LOS ANGELES – Arnold Schwarzenegger's (search) first campaign advertisement, which began airing statewide Wednesday, is a soft pitch that embraces the recall of Democratic Gov. Gray Davis (search) -- but lacks specifics some voters say they need to hear from the international film star.
"This historic election has come about because there is a tremendous disconnect between the people of California and the leaders of California," Schwarzenegger says in the opening segment of the 60-second piece.
Schwarzenegger is shown wearing his now trademark open-necked button-down shirt and blue blazer as he strolls through a garden patio. The text then transitions to a slightly populist appeal to voters irked at recent increases in the car tax and talk of more tax increases to balance the state's budget.
"We the people are doing our job, working hard, raising our families and paying taxes, but the politicians aren't doing their job. We can do better than that, after all, we are California."
Schwarzenegger then walks from the garden patio into an office that looks very much like a grand study or low-key governor's or executive's office. From there, Schwarzenegger offers what passes for specific policy proposals at this stage of the campaign.
"I'm running for governor to leave a movement for change and give California back its future. I stand for fiscal responsible government. Rebuilding California's economic engine, putting the needs of children first and reforming our political system... so that the public interest comes before special interest."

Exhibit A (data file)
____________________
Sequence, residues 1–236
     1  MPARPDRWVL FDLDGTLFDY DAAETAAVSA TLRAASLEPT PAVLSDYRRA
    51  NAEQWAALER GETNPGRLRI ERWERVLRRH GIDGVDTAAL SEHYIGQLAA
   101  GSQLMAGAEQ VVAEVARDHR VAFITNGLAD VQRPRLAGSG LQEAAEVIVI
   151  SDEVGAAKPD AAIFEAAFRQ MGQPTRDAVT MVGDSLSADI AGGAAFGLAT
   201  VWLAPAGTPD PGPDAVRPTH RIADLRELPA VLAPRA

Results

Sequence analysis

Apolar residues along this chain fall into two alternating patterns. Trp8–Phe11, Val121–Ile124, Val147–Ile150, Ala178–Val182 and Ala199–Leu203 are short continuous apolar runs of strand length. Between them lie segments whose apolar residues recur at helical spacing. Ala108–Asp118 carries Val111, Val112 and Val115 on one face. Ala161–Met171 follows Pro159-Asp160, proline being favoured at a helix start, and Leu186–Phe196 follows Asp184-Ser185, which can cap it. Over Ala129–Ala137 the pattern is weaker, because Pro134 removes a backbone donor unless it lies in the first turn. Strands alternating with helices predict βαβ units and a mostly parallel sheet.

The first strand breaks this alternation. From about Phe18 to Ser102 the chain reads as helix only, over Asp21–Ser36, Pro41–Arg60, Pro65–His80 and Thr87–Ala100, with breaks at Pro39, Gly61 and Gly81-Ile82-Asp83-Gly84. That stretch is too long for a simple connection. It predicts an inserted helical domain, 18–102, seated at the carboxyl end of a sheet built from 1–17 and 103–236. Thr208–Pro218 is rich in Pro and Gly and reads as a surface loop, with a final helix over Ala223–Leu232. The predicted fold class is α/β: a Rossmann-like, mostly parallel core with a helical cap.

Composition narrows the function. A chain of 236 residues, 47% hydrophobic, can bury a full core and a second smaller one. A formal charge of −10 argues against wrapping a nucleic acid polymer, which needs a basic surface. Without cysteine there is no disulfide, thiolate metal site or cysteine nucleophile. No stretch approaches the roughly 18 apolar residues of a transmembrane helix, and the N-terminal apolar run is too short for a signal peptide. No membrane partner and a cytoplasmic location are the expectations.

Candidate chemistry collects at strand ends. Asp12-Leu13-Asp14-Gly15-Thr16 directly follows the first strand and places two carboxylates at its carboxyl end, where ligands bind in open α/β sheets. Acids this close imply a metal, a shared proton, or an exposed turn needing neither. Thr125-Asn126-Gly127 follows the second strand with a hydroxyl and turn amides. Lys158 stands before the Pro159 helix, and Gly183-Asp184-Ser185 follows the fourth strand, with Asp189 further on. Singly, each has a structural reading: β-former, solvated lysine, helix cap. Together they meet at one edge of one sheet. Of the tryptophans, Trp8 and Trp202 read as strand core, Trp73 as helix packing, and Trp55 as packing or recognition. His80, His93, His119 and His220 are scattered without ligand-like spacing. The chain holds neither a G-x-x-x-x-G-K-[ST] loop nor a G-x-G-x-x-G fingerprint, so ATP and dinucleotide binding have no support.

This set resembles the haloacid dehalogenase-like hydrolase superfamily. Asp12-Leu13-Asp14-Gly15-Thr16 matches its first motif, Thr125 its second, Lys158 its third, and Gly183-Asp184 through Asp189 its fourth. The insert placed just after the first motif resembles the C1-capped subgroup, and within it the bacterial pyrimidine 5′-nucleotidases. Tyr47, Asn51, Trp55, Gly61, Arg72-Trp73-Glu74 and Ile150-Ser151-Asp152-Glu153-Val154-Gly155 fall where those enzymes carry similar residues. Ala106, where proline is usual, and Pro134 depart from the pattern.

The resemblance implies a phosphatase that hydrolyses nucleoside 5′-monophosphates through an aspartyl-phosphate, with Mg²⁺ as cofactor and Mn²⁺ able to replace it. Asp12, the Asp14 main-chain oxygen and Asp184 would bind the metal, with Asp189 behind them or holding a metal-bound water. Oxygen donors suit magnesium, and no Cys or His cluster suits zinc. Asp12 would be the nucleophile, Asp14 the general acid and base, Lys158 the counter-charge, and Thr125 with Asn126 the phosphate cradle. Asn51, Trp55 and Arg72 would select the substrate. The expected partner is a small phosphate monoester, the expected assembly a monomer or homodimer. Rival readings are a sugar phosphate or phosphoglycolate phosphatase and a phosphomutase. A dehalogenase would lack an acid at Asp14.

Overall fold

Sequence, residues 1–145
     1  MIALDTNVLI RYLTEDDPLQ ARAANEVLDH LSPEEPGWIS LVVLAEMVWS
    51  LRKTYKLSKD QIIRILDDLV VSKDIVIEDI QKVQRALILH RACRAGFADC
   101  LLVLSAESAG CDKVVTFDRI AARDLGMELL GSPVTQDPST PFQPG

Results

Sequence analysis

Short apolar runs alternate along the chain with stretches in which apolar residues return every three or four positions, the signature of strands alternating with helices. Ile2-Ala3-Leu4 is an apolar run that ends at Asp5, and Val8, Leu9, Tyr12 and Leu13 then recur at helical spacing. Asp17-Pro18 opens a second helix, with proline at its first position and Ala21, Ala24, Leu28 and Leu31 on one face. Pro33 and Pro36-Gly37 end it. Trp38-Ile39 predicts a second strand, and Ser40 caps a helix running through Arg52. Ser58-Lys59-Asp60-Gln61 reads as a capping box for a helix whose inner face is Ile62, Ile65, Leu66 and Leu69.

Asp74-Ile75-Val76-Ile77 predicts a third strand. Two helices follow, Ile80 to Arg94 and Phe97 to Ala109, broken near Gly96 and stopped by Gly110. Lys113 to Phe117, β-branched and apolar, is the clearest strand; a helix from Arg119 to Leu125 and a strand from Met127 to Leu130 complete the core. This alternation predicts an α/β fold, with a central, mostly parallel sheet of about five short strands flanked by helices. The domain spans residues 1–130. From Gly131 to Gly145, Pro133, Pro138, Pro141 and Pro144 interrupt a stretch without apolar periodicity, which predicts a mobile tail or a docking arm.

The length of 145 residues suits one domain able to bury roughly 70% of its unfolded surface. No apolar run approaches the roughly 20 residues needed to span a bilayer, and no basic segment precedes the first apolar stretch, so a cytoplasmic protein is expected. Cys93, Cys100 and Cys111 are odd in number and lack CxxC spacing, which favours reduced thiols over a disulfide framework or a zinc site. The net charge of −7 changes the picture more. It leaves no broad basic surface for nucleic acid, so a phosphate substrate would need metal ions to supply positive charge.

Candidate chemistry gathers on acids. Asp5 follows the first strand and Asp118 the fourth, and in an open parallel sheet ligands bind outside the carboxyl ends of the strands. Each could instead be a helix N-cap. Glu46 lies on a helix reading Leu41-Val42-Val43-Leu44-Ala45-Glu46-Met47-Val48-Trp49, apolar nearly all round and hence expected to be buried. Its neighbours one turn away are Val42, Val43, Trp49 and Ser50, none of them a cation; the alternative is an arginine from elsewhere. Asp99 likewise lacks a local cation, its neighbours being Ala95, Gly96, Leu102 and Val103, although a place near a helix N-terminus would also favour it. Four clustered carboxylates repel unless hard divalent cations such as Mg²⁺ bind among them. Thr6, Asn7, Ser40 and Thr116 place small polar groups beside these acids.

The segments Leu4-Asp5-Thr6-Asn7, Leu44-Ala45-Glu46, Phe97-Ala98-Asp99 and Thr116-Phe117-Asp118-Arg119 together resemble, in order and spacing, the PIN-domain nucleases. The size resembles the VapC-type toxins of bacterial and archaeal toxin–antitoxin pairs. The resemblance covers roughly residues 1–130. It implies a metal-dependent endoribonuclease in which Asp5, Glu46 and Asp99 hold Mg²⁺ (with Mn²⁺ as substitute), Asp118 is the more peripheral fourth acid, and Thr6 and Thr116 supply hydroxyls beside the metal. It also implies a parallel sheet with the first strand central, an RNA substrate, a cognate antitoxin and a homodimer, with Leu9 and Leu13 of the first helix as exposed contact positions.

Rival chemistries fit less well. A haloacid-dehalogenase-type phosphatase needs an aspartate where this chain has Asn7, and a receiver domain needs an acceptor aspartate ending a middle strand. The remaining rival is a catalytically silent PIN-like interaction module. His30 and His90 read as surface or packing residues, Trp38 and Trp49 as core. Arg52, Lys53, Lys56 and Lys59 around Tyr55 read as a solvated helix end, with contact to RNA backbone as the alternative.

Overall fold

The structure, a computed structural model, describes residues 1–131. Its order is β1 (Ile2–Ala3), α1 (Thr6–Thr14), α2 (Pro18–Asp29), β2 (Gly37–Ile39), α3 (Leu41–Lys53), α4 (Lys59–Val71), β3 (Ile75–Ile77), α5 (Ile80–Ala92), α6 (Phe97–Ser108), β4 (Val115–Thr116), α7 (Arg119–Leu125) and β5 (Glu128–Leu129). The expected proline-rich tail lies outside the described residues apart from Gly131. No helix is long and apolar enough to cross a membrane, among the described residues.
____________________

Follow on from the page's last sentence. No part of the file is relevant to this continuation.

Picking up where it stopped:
As Schwarzenegger stands before a large wooden desk, the camera gradually focuses more tightly for a close-up that nearly fills the screen in and uplifting classic music rises to a swell.
"I want to be the people's governor. I will work honestly, without fear or favor to do what is right for all Californians."
Schwarzenegger spokesman Rob Stutzman said the campaign is delighted the spot will appear the morning after Democratic Gov. Gray Davis blamed the recall election on a right-wing power grab and said the state's energy and economic woes were the fault of President Bush and Republicans in the state Legislature.
"The contrast is unavoidable," Stutzman said. "The debut of the ad coming right after Davis' speech will show Californians you couldn't have a better contrast of what leadership looks like -- how failed leadership manifests itself. This is a leadership election and this is a choice between failed leadership and new leadership."
Internal Schwarzenegger polling shows most voters are attracted to his campaign by sending a new type of leader to Sacramento. The polls also show that Schwarzenegger and top Democratic challenger, Lt. Gov. Cruz Bustamante (search), are in a statistical dead heat.
"What people want to see is a credible leader who can shake things up and if they see that leader, this race is over," said another Schwarzenegger strategist.
Campaign officials say Schwarzenegger ads will remain on the air from Wednesday through the end of the campaign on Oct. 7. The campaign has budgeted up to $2 million a week for campaign commercials.
Subsequent spots will highlight Schwarzenegger's immigrant past and his success as a businessman. Internal polls show these elements of the Schwarzenegger story are less well known but resonate with voters.
The Schwarzenegger campaign also knows that interest in his candidacy will lead cable news networks and entertainment networks to run at least parts of his campaign commercials over and over as part of their recall coverage.
"Californians will see these commercials more times than we actually pay for them to see them," a Schwarzenegger strategist said. "You can be sure of that."